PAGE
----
arr.add(counter);
            }
        }
        counter++;
    }

    System.out.println("finish" +arr.get(inp-1));
    }
}
share|improve this answer
    
could you tell me how this works, specifically why do you check using temp*temp? thats going to check if the counter is divisible by 16,25,36.. –  codewarrior Feb 7 '13 at 3:16
1  
He checks temp*temp against counter since that implies that temp <= sqrt(counter). It's enough to check up to that point since multiplication is commutative. –  G. Bach Feb 7 '13 at 3:26
    
Brilliant. thanks! –  codewarrior Feb 7 '13 at 3:43
    
what is n? what is ipn? Is inp inp? Is this the Sieve of Eratosthenes? –  Will Ness Feb 7 '13 at 9:46
    
Don't you need to add 1 to arr? Otherwise asking for the first prime number yields 2 instead of 1. –  Keegan Aug 7 '13 at 3:17

A few things you can do to speed it up:

  1. Start counter at 5 and increment it by 2 instead of 1, then don't check mod 2 in the loop.
  2. Instead of starting temp at counter / 2, start it at the first odd <= int(sqrt(counter))
  3. decrement temp by 2.

I'm not sure whether it counts as improving complexity, but (2) above will go from O(n^2) to O(n*sqrt(n))

share|improve this answer
    
testing by temp from the sqrt down is very inefficient. I suspect it even changes the complexity for the worse. –  Will Ness Feb 7 '13 at 9:50
    
@Will It does indeed. I haven't analysed it in detail, but the semiprimes whose larger factor is at least four times the smaller factor alone give an additional log log n factor. I expect that the constant factor slowdown is much worse for a long long time, though. –  Daniel Fischer Feb 14 '13 at 23:03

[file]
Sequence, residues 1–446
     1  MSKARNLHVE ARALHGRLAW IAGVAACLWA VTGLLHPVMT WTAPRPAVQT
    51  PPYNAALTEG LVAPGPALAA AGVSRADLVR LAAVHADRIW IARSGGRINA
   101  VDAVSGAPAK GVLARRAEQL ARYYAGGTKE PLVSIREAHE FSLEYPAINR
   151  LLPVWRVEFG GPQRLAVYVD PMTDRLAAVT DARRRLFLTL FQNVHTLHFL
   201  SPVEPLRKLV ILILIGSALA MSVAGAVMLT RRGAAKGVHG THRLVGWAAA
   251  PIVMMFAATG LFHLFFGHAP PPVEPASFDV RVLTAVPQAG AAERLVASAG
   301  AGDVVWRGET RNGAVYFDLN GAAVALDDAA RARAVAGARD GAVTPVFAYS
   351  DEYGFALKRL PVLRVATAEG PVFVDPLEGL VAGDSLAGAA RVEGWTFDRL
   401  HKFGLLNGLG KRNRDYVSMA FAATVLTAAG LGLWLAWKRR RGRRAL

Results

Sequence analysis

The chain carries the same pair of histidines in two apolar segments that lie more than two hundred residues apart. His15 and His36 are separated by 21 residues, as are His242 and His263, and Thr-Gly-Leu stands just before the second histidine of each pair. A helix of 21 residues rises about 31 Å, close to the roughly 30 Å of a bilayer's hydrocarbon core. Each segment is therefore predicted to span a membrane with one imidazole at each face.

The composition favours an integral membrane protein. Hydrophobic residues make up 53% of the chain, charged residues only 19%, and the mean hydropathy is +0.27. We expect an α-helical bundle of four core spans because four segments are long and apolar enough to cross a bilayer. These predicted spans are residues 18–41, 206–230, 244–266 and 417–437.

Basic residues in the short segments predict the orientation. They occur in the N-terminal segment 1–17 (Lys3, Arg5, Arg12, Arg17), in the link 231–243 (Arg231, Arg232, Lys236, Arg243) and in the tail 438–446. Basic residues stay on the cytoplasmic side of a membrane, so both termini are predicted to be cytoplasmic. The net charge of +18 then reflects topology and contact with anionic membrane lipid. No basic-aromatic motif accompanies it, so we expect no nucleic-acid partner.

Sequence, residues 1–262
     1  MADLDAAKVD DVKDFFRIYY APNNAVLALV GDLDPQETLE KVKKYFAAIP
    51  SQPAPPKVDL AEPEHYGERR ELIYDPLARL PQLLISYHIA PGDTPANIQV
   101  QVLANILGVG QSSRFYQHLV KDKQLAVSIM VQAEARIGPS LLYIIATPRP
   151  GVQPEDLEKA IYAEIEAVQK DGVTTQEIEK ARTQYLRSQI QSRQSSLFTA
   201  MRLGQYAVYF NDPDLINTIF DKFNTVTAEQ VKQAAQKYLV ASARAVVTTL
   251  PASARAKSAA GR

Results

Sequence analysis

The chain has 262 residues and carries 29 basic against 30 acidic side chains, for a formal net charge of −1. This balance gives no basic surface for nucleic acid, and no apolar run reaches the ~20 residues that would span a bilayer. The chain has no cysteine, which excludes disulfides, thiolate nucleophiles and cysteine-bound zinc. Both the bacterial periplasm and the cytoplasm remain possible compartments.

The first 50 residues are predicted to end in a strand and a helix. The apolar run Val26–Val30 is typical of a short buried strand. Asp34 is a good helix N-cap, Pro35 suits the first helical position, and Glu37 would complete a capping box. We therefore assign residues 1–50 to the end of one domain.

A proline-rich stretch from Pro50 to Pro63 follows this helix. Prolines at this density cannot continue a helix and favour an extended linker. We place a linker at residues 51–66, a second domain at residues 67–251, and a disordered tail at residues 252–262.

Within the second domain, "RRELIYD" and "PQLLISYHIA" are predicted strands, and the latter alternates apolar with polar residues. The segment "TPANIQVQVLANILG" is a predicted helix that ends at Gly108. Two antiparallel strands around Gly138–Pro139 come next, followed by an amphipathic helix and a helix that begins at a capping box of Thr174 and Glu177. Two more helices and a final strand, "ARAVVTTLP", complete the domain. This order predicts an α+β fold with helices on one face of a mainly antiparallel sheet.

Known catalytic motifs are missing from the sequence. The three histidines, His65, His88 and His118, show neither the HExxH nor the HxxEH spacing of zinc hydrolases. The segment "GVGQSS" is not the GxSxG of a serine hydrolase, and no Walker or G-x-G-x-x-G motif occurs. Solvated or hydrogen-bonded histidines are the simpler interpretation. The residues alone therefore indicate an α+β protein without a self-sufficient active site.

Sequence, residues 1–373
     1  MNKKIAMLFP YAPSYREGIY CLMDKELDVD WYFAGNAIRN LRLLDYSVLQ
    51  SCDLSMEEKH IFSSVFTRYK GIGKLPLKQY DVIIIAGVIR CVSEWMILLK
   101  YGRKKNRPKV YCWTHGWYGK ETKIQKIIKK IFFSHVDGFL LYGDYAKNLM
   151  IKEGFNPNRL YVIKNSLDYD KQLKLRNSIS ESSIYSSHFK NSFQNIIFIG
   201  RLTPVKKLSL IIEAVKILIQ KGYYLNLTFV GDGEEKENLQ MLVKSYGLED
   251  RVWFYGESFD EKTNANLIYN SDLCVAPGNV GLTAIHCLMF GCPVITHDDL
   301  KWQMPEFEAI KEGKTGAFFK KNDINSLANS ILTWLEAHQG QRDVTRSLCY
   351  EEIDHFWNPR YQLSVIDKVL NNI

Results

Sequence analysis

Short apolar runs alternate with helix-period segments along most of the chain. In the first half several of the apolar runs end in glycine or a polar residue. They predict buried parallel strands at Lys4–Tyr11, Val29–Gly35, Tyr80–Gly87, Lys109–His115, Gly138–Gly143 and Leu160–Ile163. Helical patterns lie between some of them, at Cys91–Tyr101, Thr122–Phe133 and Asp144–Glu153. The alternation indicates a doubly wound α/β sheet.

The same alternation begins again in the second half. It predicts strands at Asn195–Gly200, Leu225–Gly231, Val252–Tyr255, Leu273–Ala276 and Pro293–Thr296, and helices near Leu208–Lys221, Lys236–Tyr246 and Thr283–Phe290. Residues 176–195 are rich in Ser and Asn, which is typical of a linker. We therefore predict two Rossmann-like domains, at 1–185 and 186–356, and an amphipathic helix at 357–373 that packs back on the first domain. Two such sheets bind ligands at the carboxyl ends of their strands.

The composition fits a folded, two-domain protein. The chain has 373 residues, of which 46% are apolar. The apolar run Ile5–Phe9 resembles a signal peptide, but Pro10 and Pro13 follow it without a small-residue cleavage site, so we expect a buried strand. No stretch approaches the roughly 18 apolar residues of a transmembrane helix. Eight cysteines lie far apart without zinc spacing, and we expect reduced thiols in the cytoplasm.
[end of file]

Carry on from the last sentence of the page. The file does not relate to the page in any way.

@Daniel empirically ideone.com/iNxOrC indeed the counting-down code seems to run in m^1.5, where m is the top limit. The ratios of actual run times are 2.6x ... 3.6x and worsening, for top limit 100k ... 1.2mln. m^1.5 for counting-down code actually makes sense - there's no early cut-off so it's as if testing each odd by all odds below sqrt. While in counting-up the cost for non-prime odds is at the most the same as for primes (as shows M. O'Neill), giving the m^1.5/log(m). –  Will Ness Feb 15 '13 at 12:48
    
@Will What do you mean with "early cut-off"? You divide until you find the first divisor or hit the limit, whether you count up or down, in that respect, both ways are similar. Counting down, you generally have a much longer way to the first divisor, though. I sort-of expect it to be Θ(√n) on average (so the empirical m^1.5 fits), but I don't see an easy way to prove it (closest divisor to √n is harder to grip than smallest prime divisor). –  Daniel Fischer Feb 15 '13 at 13:35
    
@Daniel that's what I meant, yes, the much longer way is almost "all the way". It is of course not rigorous in any way. Try finding the "expected value" of biggest factor for a randomly-chosen composite in the range 2..n, something to that effect (it will be our cut-off point, on average, counting down). n or sqrt(n), I expect won't make much of a difference. –  Will Ness Feb 15 '13 at 13:59